Flemming also recruited Borcherdt out of high school, and was disappointed when he decided on Army. He also understood, however. So, when Borcherdt decided to leave the academy, he was welcomed with open arms.
“Coach recruited me very hard out of high school, and he was tough to say no to,” Borcherdt said. “When I decided to leave West Point, my dad brought this school up, and I rally didn’t know anybody. I knew that they would be good, and I knew that I could probably come in, get good minutes and make an impact right away. I was also going to be closer to home. I came for a visit and that’s when I decided this is where I wanted to be. It gave me a chance to be successful.”
Going to a military academy taught both Borcherdt and Falkenberg a few life skills. It also helped mold them into the men they are today.
“I have a new appreciation for the little things in life,” Borcherdt said. “There, they take away your civilian clothes. You’re never seen in normal clothes. Every thing is issued and it is considered uniform. They take away those basic things.
“It gave me a greater appreciation for my family, first and foremost. I also have so much admiration for the military way of life and the people that choose to serve. I still have buddies that were on my team that are currently serving over in Afghanistan. Some of the guys that came in with me are getting ready to make that commitment as well. I have a whole new level of respect.”
“One thing that really helped me when I was there was it was a complete fresh start,” said Falkenberg. “Everyone was forming first impressions of you. It really taught me to make a good first impression. ... It helped me grow up. That was the first time that I didn’t have any family or friends to fall back on. ... The values also stuck with me. I respect the military life. I understand the sacrifices they make because I saw a portion of it. It gave me a newfound respect. It really helped me mature. Honor, courage and commitment are the core values, and I still remember those. They are things that I try to keep with me.”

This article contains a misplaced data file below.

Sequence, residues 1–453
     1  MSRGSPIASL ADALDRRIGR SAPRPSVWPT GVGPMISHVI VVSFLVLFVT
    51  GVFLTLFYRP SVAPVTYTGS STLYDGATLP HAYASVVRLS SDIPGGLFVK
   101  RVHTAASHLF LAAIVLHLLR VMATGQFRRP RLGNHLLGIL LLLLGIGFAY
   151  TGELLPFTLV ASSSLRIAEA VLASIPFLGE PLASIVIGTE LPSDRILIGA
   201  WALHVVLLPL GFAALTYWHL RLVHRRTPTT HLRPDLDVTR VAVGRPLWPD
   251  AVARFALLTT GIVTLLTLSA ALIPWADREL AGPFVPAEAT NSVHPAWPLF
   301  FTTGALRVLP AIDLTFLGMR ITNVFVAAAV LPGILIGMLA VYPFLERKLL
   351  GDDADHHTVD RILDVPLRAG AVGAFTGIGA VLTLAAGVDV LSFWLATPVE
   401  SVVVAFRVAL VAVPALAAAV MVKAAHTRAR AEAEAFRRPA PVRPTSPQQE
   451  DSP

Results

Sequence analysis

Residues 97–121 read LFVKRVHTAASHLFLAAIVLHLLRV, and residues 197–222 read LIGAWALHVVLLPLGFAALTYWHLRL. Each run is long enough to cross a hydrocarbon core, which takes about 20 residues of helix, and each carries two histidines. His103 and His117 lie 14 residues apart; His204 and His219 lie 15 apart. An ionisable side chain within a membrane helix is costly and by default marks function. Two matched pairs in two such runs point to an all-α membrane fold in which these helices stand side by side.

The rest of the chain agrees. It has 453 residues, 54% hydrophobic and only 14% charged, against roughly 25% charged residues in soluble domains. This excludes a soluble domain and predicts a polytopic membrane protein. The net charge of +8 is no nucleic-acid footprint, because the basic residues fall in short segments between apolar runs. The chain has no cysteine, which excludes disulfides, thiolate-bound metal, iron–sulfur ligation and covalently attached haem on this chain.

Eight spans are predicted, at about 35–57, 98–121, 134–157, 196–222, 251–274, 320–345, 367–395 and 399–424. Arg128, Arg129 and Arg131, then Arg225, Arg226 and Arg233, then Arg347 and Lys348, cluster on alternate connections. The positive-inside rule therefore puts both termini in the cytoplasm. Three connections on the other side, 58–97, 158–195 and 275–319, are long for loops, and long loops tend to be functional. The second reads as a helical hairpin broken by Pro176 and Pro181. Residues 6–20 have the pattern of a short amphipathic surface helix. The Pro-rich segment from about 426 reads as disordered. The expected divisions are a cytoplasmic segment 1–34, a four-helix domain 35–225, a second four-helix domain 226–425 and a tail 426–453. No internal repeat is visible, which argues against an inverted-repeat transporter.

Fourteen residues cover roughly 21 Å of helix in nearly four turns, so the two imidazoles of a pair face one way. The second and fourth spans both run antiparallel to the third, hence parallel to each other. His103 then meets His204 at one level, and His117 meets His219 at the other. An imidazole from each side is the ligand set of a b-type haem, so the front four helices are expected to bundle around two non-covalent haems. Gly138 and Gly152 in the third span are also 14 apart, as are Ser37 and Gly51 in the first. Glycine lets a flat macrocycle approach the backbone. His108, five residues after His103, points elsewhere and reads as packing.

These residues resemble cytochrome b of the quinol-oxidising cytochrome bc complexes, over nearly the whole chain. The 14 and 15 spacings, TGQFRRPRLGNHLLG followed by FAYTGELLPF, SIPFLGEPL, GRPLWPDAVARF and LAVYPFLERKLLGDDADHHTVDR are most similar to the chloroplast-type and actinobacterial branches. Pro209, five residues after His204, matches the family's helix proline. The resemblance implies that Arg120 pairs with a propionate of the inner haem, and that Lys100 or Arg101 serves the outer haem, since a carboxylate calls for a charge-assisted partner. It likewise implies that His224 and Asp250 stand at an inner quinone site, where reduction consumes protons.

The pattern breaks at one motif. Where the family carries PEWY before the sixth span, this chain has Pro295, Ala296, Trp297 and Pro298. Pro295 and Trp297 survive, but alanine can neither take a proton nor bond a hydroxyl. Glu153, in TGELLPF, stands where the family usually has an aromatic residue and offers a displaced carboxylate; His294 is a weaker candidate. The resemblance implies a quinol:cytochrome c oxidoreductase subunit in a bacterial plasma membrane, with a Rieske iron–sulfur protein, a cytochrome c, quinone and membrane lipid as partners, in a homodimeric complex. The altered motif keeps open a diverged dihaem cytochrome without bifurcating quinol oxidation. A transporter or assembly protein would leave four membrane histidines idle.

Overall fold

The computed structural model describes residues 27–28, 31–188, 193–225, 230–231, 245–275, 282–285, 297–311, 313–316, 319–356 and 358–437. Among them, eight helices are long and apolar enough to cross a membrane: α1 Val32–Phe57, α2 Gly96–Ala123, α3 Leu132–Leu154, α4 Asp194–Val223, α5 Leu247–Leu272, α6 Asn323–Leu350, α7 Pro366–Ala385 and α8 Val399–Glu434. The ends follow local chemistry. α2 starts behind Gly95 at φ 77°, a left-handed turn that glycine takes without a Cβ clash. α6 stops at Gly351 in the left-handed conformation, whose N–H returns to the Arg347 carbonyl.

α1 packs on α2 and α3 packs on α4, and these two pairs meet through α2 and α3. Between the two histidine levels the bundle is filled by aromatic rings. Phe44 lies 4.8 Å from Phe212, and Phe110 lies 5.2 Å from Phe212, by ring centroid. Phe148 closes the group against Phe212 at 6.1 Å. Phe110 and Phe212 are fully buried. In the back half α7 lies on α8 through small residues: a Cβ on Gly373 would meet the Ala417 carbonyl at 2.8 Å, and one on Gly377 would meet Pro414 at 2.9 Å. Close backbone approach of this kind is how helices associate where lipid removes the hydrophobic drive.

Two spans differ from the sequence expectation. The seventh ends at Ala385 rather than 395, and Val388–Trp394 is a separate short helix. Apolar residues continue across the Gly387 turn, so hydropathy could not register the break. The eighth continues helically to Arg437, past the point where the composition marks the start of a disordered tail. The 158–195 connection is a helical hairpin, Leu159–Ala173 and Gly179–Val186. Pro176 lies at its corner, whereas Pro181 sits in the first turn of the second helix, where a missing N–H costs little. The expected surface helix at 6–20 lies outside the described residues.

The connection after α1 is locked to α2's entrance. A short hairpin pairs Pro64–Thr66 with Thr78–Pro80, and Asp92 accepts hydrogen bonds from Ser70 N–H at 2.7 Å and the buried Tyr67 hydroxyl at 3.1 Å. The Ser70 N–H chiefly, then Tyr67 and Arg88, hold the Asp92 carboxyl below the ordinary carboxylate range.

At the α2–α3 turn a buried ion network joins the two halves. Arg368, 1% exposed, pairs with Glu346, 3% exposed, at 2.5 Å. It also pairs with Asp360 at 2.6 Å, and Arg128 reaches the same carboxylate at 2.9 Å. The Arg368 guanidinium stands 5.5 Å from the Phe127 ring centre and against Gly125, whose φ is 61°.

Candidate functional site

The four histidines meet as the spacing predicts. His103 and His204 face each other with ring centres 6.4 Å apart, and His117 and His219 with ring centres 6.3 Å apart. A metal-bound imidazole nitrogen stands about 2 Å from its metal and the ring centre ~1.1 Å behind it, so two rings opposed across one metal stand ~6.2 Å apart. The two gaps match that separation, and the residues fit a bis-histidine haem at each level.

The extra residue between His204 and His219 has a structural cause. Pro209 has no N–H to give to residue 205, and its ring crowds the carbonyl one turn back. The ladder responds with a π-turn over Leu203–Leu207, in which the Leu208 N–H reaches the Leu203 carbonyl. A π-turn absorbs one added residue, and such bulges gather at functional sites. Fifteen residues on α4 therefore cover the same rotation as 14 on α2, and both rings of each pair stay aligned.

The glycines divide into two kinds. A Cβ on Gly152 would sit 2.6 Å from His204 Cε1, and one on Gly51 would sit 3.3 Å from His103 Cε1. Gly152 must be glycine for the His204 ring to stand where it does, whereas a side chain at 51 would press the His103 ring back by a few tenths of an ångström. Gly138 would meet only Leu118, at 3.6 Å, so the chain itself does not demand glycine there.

For Borcherdt, life at Army was a reality check. Making the transition from high school to that type of situation was not an easy one.
“It does teach you to grow up. It is a huge culture shock to go from high school where you’re ‘The Man’ to all the way back down to, basically, ground zero. That’s their whole practice,” said Borcherdt. “They take you all the way down so they can build you back up, and it is a humbling experience. ... I felt like I had a whole new level of maturity after being at some place like West Point. Also, at boot camp, they force you to go through some stuff that you never thought you could do. I think that also is huge.”
The duo have left their mark on the Cougars’ program. Falkenberg set the all-time career scoring mark earlier this season and has 2,537 points to this point. He holds several Cougar records, including field goals made, second in 3-pointers made, second in free-throws made and 10th in assists. Borcherdt topped the 1,000-point mark earlier this season, and is one of the top free-throw shooters all-time at MVNU.
MVNU is 97-31 in Falkenberg’s four years, including a 70-22 mark with Borcherdt as his teammate. The Cougars have also made it to the last three NAIA Division II National Tournaments in Branson, Mo. This season, MVNU is 22-7 and opens the American Mideast Conference Tournament on Saturday.
“One thing that I’m proud of as a senior is I think we are graduating with the program at a level it has never been at,” Falkenberg said. “If we can make it back to the national tournament, we’ll be the first class to be there all four years. That’s what we want to be remembered for. Individual accomplishments are great, but at the end of the day, we want to be remembered as the class that helped take it to another level. ... Hopefully at the end of this year and at the end of our careers, we will achieve that.”
“As Ben referred to, it is neat to have personal success, but it is something that, at the end of the day, I would give up to go to Branson any day of the week,” added Borcherdt. “To have the guys around me, like Ben, is what attracted me to this school — that unique mix of quality guys. Ben and I have developed a relationship, and we are best friends. That’s kind of cool. We started as huge rivals, but we’ve melted into this pair that is not only good on the basketball court, but also, off the court, we are very good friends. .... We have a blast playing with each other.”
Both players attribute their current success to their days at Army and Navy, respectively. Without that foundation, albeit a short time, they don’t believe they would be the player — and person — they are today.
“To be honest, there is not a day that goes by where I don’t think about West Point and my experience there,” Borcherdt said. “That year was one of the most trying years of my life, but it was one of the best years of my life at the same time. It was tough, obviously, but I think I am a better person for having going through it. I’ve learned so many unique qualities from going through it. I don’t think I would be the person I am today without it.”